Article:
If you take the list of the top two hundred electronics companies in the world you have the EDA RAM (Relevant Available Market). Companies not on the list are not, with very few exceptions, going to provide a significant revenue stream worth the focused attention of the big four EDA vendors, who collectively control about 80% of the total industry's revenue.
In most industries the majority of Marketing efforts are directed to acquire new customers and therefore a company will rely on different forms of advertising in order to reach potential customers. This was true in the EDA industry for much of its relatively short existence. Therefore the usual communication carriers, both in print and electronics, benefited from the advertising dollars being spent by both large and small EDA tools providers.
But things have changed in the last two or three years as vendors have adjusted to the peculiar reality of the industry. If you take the list of the top two hundred electronics companies in the world you have the EDA RAM (Relevant Available Market). Companies not on the list are not, with very few exceptions, going to provide a significant revenue stream worth the focused attention of the big four EDA vendors, who collectively control about 80% of the total industry's revenue. The impact of advertising on the purchasing decisions of the top 200 is practically none. The top electronics companies have research organizations whose charter is to keep abreast of the state of the art in EDA. They avail themselves of conferences, shows, connections with academic institutions, and professional networking to make sure they can match their projected needs for EDA tools with the latest developments in the field.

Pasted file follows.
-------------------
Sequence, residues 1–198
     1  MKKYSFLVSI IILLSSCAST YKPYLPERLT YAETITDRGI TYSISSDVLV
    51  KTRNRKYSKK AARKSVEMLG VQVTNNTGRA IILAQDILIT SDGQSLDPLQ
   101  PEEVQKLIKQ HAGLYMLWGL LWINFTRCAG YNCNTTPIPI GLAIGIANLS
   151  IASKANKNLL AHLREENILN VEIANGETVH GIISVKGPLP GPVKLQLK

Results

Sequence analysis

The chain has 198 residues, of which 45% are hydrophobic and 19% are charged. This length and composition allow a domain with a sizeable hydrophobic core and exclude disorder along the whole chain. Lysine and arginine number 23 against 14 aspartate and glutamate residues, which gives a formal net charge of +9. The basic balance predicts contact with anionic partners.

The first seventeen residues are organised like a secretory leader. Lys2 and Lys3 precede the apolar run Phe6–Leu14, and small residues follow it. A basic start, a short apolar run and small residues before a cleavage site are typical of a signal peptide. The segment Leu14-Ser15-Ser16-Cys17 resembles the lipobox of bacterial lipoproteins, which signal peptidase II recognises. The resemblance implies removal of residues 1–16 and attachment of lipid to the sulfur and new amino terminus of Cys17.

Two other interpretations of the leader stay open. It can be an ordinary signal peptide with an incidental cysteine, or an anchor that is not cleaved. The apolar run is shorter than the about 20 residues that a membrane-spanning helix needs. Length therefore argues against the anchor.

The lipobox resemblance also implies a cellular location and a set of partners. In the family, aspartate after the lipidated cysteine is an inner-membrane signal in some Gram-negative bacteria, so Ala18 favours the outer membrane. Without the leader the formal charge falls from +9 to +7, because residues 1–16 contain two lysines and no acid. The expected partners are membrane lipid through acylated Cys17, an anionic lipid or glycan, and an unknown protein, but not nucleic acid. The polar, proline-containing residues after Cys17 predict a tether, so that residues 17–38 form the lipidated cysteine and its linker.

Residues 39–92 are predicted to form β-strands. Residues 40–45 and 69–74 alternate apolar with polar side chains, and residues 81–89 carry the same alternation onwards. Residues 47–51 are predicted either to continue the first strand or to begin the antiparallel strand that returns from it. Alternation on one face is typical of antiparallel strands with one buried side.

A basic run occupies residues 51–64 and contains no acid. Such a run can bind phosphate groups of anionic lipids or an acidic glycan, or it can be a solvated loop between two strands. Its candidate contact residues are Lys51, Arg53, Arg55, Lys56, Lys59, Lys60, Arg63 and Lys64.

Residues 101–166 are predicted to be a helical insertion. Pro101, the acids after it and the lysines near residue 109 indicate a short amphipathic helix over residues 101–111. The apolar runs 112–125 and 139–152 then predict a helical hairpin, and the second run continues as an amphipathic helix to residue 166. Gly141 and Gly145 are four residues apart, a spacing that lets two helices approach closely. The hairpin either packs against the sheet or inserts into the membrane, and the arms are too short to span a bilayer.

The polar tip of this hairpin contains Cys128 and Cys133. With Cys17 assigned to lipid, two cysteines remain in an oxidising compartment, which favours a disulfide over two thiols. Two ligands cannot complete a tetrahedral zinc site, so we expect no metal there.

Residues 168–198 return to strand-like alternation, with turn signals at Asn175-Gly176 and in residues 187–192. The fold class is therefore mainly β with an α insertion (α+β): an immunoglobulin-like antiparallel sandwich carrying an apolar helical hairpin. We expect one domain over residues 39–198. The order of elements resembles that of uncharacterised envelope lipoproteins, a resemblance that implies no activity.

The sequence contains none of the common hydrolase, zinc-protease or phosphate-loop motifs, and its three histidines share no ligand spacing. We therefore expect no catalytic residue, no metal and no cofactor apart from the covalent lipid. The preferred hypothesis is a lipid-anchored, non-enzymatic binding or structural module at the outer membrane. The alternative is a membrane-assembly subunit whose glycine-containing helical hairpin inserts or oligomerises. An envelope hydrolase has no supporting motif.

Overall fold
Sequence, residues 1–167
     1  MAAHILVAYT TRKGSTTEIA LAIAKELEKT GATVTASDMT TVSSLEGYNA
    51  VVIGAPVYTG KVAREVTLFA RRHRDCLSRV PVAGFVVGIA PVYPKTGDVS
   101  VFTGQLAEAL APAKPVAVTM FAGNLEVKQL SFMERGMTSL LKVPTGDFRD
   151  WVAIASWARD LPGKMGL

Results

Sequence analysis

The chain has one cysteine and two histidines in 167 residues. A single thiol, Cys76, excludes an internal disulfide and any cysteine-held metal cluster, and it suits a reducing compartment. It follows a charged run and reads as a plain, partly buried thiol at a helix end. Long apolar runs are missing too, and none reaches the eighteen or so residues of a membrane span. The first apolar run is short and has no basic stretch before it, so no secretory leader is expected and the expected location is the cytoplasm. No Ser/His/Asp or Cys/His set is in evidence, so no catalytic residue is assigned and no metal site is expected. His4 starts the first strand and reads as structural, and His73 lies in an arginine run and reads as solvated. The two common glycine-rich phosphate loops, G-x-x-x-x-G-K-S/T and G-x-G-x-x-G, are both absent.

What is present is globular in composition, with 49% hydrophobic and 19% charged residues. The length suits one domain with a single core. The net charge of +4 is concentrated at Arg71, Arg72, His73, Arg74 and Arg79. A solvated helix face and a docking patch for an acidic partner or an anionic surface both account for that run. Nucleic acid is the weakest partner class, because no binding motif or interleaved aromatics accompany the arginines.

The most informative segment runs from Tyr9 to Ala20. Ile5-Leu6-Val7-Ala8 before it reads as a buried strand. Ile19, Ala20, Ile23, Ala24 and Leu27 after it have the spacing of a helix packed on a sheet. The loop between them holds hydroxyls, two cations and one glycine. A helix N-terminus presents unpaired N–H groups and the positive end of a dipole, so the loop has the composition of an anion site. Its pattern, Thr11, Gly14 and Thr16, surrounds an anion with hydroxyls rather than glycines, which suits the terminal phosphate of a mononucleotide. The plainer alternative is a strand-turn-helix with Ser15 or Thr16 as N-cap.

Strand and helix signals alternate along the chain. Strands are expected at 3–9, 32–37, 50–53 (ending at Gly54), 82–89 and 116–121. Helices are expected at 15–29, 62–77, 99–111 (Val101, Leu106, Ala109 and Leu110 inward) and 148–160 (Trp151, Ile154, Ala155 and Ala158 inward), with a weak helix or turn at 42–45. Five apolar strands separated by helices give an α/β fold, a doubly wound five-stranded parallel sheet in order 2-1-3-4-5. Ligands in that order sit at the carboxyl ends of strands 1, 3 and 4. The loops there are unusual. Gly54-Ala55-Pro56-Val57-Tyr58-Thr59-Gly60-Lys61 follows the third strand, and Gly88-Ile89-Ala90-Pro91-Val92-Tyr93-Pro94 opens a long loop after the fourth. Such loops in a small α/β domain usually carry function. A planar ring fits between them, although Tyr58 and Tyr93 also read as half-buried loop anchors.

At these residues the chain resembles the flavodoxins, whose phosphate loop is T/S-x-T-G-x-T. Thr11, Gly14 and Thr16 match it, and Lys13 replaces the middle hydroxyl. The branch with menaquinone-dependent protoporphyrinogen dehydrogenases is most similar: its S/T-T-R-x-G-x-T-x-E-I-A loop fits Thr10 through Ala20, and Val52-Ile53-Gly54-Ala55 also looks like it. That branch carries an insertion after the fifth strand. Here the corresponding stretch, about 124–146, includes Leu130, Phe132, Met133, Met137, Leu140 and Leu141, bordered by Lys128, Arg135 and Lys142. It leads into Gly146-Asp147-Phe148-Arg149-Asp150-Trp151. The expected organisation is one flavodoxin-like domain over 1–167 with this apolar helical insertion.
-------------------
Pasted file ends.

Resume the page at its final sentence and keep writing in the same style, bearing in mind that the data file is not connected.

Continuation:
What is happening now is that Cadence, Magma, Mentor, and Synopsys are spending more resources catering to their customers than they are advertising for new customers. Keeping a top corporate customers is as important, if not more important, than getting a new one. And getting a new one means wrestling it from a competitor. This task requires the best business and technical minds the company possesses, takes a lot of time, and the final decision depends often on the quality of the personal trust between the decision makers involved and the vendor representative, since, in most cases, the capabilities of the competing tools are quite similar, some times equivalent.
Although Synopsys SNUG is probably the best-known user group, thanks in part to the past confrontational efforts of John Cooley, CDNLive! going on this week, Users 2 Users (U2U), and MUSIC, respectively by Cadence, Mentor and Magma, are now large events with impressive budgets. All four events have turned into technical conferences focused on the specific technologies of the particular vendor and their attendance numbers surpass some of the traditional technical conferences sponsored by engineering organizations.
The characteristic I find more relevant that all four share is the prohibition to outsiders to attend the technical program session, with the exception of the keynote address and the occasional panel. Each organization is a club built on the vendor's technology and around the applications of the technology by the customers to their design and development projects.
A very small group of technologists in each company controls which tool will be used and from what vendors, in spite of the fact that some sources in the EDA industry continue to say that most designers have a say on the tool they use in their daily jobs. The vendors' captive events work to keep the designers from exerting undue pressure on the decision makers by providing them with an environment where they can meet their peers, feel important by delivering papers that might not meet the requirements of a generic technical conference, and networking with their peers who also are "smart enough" to use the vendor's products and services.
To engineers and designers wishing for an occasion to see how the rest of the world lives, conferences like DAC, DATE, DesignCon, and the Embedded Systems Conference, being held next week in Boston, provide opportunities that must continue to be nurtured and expanded.